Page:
Eleanor Hughes

Aotearoa New Zealand / England, b.1882, d.1959

Apple tree

  • Dry point etching
  • Purchased, 2001
  • 400 x 270mm
  • 2002/10

New Zealand expatriate painter Eleanor Hughes had settled in Cornwall, England by 1908, where she became part of a group of artists known as the Newlyn school. By 1927 she had established an etching press in her studio and was producing etchings with a clarity and assurance of line that was ideal for her interest in depicting trees. It is likely that Eleanor taught herself etching with help from her fellow artist and close friend Laura Knight, who was also a highly accomplished and respected etcher.

Ink on Paper: Aotearoa New Zealand Printmakers of the Modern Era, 11 February – 28 May 2023

Exhibition History

earlier labels about this work
  • (The Moon and the Manor House, 12 November 2021 – 1 May 2022

    Eleanor Waymouth was born in Christchurch into privileged circumstances, the eldest daughter of Frederick and Alice Waymouth, who in 1899–1900 built Karewa, a grand Arts and Crafts house in Fendalton that was later renamed Mona Vale. While taking selected classes at the School of Art, and having private tuition from newly arrived artist Charles N. Worsley in 1901, she also began exhibiting with the Canterbury Society of Arts. Eleanor left for England in 1904 to study with Frank Spenlove-Spenlove in Beckenham, Kent, and with Stanhope and Elizabeth Forbes at Newlyn. She exhibited with the Society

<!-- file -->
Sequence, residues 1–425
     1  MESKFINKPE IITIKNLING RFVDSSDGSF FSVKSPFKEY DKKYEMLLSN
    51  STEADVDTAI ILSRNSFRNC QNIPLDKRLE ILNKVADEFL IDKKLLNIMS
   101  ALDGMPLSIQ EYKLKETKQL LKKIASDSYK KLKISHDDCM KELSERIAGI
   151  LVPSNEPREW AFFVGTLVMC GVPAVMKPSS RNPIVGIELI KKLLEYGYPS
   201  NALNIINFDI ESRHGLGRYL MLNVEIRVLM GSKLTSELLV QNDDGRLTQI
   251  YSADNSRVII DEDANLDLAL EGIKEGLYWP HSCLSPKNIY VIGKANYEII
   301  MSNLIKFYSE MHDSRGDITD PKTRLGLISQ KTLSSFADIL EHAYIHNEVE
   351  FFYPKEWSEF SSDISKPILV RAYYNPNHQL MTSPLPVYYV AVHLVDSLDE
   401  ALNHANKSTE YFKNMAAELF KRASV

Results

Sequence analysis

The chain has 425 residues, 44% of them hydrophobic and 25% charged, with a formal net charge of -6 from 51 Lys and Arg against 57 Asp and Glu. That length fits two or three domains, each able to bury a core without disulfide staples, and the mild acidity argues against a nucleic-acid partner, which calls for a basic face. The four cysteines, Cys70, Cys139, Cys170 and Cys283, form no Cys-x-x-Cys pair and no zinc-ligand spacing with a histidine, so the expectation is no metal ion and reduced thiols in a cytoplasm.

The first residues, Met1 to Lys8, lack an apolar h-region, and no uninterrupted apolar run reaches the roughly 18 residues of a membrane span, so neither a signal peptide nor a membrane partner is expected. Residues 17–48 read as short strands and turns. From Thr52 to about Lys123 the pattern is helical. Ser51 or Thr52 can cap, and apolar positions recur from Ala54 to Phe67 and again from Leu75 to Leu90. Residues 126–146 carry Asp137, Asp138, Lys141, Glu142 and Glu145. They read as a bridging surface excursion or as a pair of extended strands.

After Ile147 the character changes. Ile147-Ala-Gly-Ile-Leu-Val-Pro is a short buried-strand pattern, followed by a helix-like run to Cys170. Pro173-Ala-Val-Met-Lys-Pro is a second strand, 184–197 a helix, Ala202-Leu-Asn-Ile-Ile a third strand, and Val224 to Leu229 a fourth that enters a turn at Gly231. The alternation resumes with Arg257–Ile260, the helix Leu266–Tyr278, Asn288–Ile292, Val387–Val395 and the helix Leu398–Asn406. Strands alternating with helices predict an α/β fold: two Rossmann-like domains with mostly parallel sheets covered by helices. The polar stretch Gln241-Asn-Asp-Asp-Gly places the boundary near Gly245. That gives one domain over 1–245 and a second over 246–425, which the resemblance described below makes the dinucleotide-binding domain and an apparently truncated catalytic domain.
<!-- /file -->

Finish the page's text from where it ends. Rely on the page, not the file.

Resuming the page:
of Women Artists in London in 1905 and returned to New Zealand later that year. By 1908, Eleanor was back in Cornwall, where in 1910 she married fellow student Robert (‘Bertie’) Morson Hughes; they became key members of the Newlyn artist set. She built a strong reputation for her watercolour tree studies and for her etchings, as a 1929 review noted: “She paints and etches with a clarity, and assurance of line, that enable her to express cool tree-subjects in a way that is as pleasing as it is all her own.”